KHARTOUM, Jan 6 (Reuters) – The resignation of Sudan’s prime minister puts the military firmly back in control of the country but facing a population angry that its hopes for democratic rule have been set back yet again.
Unless a new course towards a transition and credible elections can be charted, more instability within and beyond Sudanese borders is likely, analysts and diplomats say.
After his government was dissolved in a coup in October, Abdalla Hamdok had returned in a bid to salvage a transitional power-sharing arrangement between the military and civilians that was struck following Omar al-Bashir’s overthrow in a 2019 uprising. The autocratic Bashir had ruled Sudan for three decades.
Hamdok departs leaving the country cut off from international economic support, jolted by frequent anti-military protests, and threatened by resurgent violence and displacement in the western region of Darfur.
His efforts towards a transition fell apart due to the withdrawal of promised support from some political factions and his inability to halt violence against protesters, said a Sudanese mediator involved in talks before and after Hamdok’s return.
Most of the fractured civilian coalition that agreed to share power based on a 2019 constitutional declaration says publicly that it will not negotiate with the military.
“The only thing we have to say to them is go back to your barracks,” said a member of a local resistance committee in Khartoum.
That could leave the military to appoint loyalists to a new administration, building on nominations of Bashir era veterans that it made after its takeover and that Hamdok partially rolled back.
“The military will name a government unless the civilians get it together and meet with them,” said the mediator, speaking on condition of anonymity. “I think in the end people will sit together, and go back to the constitutional declaration, and see how they can adjust it.”
The military said after the coup that it wanted elections in 2023. It says it is committed to a transition towards democracy.
But the takeover deepened distrust of the military among civilian parties, while the protest movement led by the resistance committees has always opposed any political role for the army.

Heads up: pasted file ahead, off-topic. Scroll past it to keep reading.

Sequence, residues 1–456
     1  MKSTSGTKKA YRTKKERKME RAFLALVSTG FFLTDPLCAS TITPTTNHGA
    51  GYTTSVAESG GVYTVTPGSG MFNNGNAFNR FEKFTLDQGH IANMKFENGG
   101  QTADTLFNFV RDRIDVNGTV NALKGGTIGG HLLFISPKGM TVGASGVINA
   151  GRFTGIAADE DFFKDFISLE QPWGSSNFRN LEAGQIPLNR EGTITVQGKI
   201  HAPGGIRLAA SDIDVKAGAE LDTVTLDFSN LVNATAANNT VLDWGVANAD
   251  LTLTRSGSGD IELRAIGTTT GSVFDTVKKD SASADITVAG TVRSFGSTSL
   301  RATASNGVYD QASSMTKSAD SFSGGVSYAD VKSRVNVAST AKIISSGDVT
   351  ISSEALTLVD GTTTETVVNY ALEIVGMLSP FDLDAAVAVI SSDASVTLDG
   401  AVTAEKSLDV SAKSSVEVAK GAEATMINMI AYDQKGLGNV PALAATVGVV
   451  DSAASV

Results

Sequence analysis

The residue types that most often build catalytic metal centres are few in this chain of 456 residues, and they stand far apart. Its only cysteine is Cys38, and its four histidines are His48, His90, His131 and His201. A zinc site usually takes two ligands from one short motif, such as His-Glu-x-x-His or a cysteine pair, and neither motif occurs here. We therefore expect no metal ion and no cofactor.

A crackdown on nationwide rallies against the coup that has left nearly 60 people dead and protesters arrested has sharpened anger. Intelligence services have been given restored powers.
FOREIGN FUNDING ON HOLD
Western powers, which still hold some leverage because of several billion dollars of economic assistance paused after the coup, are trying to steer the military away from pressing ahead on its own.
They urged immediate dialogue on Tuesday, warning they would not support any government without the involvement of a broad range of civilian groups. A unilateral approach risked plunging Sudan into renewed conflict, they said.
“The military cares very much because they know that the country will not continue without economic support,” said one European diplomat. “If Sudan implodes, that has serious ramifications in a lot of geostrategic issues,” he said, citing instability in neighboring Ethiopia and Libya.
The United Nations mission in Sudan has offered to facilitate dialogue, though diplomats say it remains unclear how such talks could take shape and that powers such as Saudi Arabia or the United States may need to step in.
“I think certainly trying to reset the transition in the mould that it existed beforehand is unlikely to work now,” said Ahmed Soliman, a research fellow at Chatham House, a London-based think-tank.
“There needs to be a different arrangement, a different political way forward in order to start to reestablish some measure of trust.”
Reaching a deal that sets a new path towards democratic elections appears harder than in 2019, several Western diplomats said. But the exit of Hamdok, a consensus-building former U.N. official, could clear the way for a reckoning.
“Some viewed Hamdok remaining in the post as a fig leaf, and his resignation may allow for a more substantial conversation among the international community, and it also pushes the civilian groupings to seek common ground,” said Lauren Blanchard, a Sudan specialist at the U.S. Congressional Research Service.
“It makes clear that a mediation mechanism is needed. Hamdok wasn’t able to bridge the gap.”